An outstanding debt tied to the Napoleon Civic Center has been satisfied by a donation.
Recent Article from the Northwest Signal
Napoleon Civic Center representative Patricia Bilow said the group recently received $100,000 from an anonymous donor and those funds were used to pay off the debt.
In September 2019, Rick Graber, doing business as G5 Architecture in Archbold, filed a lawsuit in Henry County Common Pleas Court Aug. 30 against the Napoleon Civic Center. The lawsuit was for a breach of contract as Graber alleged the civic center did not pay him $90,393.92 he was owed, plus interest, and the court ruled in his favor.
Late last year, a new executive leadership team has formed to renew efforts to transform the former Napoleon Middle School and Central Elementary School into a performing arts and athletic center. The new team includes Steve and Julie Busch as co-presidents, Judy Swerline as secretary and Mark Schwiebert as treasurer.
“Certainly, this debt hurt our fundraising effort,” Julie Busch said. “But we had enough community support to start digging our way out. And then we got this call. What an unexpected surprise.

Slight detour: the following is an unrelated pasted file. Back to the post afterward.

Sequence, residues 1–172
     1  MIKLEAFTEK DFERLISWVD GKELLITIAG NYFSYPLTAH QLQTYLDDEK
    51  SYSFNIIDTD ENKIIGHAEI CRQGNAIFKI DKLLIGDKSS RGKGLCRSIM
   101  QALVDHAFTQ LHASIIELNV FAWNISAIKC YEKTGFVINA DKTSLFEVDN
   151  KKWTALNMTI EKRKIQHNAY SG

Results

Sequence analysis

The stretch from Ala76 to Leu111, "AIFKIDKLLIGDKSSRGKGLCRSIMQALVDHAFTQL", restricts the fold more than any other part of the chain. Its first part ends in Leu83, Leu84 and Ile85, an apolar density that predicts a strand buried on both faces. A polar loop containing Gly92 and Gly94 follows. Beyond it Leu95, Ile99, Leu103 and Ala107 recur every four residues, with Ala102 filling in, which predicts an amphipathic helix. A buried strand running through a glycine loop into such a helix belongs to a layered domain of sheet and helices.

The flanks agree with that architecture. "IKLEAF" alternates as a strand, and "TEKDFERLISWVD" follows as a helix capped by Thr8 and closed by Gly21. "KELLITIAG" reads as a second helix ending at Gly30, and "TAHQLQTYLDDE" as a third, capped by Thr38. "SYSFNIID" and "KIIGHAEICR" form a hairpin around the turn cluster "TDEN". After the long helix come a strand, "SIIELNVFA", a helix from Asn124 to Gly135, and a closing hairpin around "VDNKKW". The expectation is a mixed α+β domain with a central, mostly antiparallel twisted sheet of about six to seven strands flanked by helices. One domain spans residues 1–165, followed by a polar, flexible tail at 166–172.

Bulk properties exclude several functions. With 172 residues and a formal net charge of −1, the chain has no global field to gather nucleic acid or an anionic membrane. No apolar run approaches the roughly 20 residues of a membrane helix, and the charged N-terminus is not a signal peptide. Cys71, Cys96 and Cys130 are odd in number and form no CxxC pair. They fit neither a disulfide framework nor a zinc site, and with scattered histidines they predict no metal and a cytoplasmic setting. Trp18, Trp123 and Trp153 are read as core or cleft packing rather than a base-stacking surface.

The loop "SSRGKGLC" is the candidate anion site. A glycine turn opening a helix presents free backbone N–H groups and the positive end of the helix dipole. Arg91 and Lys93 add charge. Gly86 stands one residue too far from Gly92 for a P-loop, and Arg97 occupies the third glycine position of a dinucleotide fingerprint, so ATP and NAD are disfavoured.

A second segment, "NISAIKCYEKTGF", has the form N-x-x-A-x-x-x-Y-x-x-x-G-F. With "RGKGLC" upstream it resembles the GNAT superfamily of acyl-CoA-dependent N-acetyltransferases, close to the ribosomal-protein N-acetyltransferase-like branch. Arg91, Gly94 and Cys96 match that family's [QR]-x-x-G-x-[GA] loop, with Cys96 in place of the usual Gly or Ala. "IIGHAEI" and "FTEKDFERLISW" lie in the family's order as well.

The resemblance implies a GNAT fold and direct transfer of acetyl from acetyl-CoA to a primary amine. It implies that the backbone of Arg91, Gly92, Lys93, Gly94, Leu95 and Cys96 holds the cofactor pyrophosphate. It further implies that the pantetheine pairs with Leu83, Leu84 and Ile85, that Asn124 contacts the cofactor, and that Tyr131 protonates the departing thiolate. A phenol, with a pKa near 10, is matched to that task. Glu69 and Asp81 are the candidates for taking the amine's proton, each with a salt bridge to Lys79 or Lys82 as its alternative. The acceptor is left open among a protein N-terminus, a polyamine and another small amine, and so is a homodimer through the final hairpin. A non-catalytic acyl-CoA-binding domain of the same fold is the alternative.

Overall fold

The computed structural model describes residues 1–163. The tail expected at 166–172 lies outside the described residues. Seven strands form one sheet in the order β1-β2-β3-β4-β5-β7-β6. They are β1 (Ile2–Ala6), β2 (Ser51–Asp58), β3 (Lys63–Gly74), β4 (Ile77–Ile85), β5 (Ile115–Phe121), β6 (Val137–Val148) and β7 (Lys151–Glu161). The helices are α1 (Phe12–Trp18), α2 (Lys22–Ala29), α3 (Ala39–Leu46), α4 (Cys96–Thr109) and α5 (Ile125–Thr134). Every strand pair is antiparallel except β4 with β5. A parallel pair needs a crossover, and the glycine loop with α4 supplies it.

“This donor is like an angel from Heaven,” she continued. “We are very grateful. The value of a performing arts center and the added benefit of the gymnasium for fitness and athletic activities will benefit many now and in generations to come.”
Bilow said the organization continues to work toward changing the name of the project, as well as opening the building up for tours and sending out a mass mailing to reach approximately 9,000 households in the area.
The Napoleon Civic Center Foundation formed in 2012 as Napoleon Area City Schools was planning the construction of a new pre-kindergarten through sixth grade building and a junior high addition built onto the renovated high school. Due to the new facilities, the former Central Elementary School and Napoleon Middle School building along West Main Street was no longer needed by the district. The foundation purchased the property for $1 in the summer of 2017 with the intention of renovating it and converting it into a civic center.
A fundraising goal of $1.3 million has been established for the project. Part of the purchase agreement with the district included a clause that, after five years, any portions of the building which do not have a certificate of occupancy would be subject to demolition. An anonymous donor pledged the $547,000 for an escrow account which has been set up to cover demolition expenses if necessary, but those funds cannot be used for other portions of the project. Those five years will be up on June 14, 2022, which a little more than one year to raise the funds and complete the work so they can receive an occupancy permit.